Presentation on theme: "Some examples of American Indian accomplishments. American Indians contributed much to the world’s common fund of knowledge Textbooks, novels, movies."— Presentation transcript:
Some examples of American Indian accomplishments. American Indians contributed much to the world’s common fund of knowledge Textbooks, novels, movies and television portray the first peoples of the Americas as primitives who were incapable of complex ideas or inventions.
On initial contact, Europeans wrote detailed descriptions about the accomplishments of the people they encountered. These accomplishments were often judged to be as good or better than anything in their homelands.
Within twenty years after contact, conquistadors and colonists alike denied that the American Indians, whom they had begun calling ‘savages’, were responsible for these accomplishments.
Who? Lost colony of Christians Lost tribe of Israelites Hebrews, Phoenicians Welsh prince, Madoc Early vanished race of superior people Alien life-forms from space
Example: The Shoshone invented an effective form of oral contraception. Were masters of orthopedic techniques. They practiced asepsis hundreds of years before western medicine found that a sterile field was crucial to surgical success. Reporter, Mark Twain, saw the Shoshone as “the wretchedest type of mankind I have ever seen ”, a people with no redeeming social value.
Indians in the North American Northeast used foxglove [digitalis purpurea] to treat heart problems. They administered it with extreme care since high doses were needed and the plant was highly toxic. Manioc, a staple food crop, is poisonous in its natural state. 4/5 thousand years ago indigenous people developed a process to detoxify the plant.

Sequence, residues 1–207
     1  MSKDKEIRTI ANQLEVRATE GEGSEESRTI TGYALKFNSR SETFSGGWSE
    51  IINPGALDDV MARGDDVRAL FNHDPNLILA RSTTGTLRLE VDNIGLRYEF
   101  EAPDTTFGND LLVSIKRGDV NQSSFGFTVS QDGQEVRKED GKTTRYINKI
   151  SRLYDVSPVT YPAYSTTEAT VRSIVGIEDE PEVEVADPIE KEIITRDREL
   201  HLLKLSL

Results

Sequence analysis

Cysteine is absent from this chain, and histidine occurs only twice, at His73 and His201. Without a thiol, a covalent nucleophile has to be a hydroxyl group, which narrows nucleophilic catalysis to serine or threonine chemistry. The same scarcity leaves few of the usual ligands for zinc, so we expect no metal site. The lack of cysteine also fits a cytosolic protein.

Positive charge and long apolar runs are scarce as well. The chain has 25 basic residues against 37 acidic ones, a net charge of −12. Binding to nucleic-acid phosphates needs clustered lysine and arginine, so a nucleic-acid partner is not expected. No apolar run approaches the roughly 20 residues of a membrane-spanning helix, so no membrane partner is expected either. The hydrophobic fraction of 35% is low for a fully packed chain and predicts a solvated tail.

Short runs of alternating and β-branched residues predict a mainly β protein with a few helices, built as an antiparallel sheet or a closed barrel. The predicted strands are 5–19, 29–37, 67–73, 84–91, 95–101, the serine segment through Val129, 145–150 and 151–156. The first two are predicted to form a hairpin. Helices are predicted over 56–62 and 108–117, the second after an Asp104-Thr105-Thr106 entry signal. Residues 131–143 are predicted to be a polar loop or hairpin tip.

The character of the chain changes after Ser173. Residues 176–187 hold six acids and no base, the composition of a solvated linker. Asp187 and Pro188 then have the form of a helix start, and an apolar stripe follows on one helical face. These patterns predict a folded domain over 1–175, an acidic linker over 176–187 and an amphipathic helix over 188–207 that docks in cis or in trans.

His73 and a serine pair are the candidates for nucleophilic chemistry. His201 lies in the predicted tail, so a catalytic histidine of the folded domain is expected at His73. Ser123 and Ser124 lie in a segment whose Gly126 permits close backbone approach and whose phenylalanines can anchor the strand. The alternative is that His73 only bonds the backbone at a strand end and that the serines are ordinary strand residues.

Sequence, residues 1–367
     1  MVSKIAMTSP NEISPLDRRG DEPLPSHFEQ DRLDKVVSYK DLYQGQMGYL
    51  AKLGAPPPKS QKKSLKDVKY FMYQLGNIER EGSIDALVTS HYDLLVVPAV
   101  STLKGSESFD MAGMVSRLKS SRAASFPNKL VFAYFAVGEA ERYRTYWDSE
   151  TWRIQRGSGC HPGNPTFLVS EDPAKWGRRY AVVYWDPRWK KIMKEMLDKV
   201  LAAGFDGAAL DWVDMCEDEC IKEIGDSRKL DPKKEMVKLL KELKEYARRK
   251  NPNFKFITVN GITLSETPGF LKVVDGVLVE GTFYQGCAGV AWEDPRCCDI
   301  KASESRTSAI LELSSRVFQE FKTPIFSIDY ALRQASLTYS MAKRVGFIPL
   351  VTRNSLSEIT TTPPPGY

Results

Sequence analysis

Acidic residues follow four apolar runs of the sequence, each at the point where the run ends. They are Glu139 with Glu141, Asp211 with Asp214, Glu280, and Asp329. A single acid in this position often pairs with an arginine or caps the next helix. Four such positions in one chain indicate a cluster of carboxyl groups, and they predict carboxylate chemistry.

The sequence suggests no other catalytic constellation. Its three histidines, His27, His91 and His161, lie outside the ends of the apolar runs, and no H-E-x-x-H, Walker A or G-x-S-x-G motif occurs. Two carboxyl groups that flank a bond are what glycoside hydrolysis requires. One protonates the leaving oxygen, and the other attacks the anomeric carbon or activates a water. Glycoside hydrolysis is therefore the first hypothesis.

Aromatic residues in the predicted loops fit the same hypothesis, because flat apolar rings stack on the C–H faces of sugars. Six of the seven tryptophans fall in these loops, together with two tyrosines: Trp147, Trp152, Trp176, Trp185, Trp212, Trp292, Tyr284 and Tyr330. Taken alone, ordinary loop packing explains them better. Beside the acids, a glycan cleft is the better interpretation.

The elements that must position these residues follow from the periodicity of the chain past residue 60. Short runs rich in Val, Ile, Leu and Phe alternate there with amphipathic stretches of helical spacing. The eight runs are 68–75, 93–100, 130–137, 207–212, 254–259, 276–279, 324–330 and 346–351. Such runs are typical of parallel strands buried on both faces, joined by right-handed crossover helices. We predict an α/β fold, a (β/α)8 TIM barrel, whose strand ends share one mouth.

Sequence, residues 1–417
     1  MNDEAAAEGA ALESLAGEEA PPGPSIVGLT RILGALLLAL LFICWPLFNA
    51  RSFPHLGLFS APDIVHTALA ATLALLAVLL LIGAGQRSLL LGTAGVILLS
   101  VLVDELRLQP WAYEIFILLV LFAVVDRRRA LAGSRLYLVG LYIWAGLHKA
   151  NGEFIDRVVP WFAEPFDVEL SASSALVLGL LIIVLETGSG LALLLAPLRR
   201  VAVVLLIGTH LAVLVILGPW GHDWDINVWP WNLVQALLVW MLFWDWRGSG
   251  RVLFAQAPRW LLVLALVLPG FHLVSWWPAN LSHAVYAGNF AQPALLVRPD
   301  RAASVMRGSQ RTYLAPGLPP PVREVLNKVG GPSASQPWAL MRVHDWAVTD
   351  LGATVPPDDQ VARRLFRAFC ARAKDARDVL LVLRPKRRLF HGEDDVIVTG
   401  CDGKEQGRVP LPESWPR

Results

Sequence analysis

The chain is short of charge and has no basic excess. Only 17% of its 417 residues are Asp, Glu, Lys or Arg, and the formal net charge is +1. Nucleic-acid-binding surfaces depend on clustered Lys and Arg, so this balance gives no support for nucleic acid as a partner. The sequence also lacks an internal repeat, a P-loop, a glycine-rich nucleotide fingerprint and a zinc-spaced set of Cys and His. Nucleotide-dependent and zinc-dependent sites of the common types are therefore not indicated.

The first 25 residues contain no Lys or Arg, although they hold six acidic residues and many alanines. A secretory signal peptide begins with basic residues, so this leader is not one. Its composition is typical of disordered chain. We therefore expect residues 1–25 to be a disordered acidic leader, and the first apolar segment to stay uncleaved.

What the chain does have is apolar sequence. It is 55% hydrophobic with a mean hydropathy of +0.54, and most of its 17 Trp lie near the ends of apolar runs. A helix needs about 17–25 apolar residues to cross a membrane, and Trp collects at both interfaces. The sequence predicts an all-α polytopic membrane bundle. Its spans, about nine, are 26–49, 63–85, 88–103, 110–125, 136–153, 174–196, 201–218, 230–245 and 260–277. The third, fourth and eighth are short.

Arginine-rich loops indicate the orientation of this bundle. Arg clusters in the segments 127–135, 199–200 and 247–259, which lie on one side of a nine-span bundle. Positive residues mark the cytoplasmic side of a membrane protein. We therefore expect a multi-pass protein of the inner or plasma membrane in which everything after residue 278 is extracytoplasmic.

Indigenous people invented a four-step process to cure vanilla, transforming it into a flavoring ingredient—vanilla processing was not developed in Europe until the 1700’s. The Andean road system was more extensive than that of Rome. More than 200 plants that American Indians used as remedies became part of the U.S. Pharmacopoeia.
Two of the four places where ‘agriculture’ independently originated in the world are located in the Americas. After contact the introduction of crops that American Indians had cultivated for hundreds of years provided a nutritional boost that caused a population boom in Europe, which had not fully recovered from the bubonic plague two centuries before. Today potatoes, corn, and manioc have become a major source of nutrition for people around the globe.
The Maya had wheeled toys but the wheel as a mode of transportation was an inappropriate technology given the lack of suitable draft animals in the Americas so it never really ‘caught on’. The agave plant provided detergent, syrup, sugar, vinegar, is an antibiotic, roofing tiles, plates, dishes, fences, thorns used for tacks and nails,laxative, treat chapped lips, burns, etc., paper, twine, sandals, used the fibers for cloth, body paint. Today is also used commonly for aloe vera skin soother and tequila.
Alpacas were domesticated circa 4000 B.C. also llamas. The former used for wool primarily, the latter used for food and for pack animals. Historical records: Not only oral tradition but also-petroglyphs, books[ Maya, Aztec,Olmec ], pottery, quipu [knotted string], wampum belts, winter counts [pictures on buffalo hides] Domesticated: dogs, guinea pigs, llamas, alpacas, turkeys, vicunas, ducks, parrots, bees. [not draft animals—the bison had extremely strong herd instinct and llamas not heavy enough.]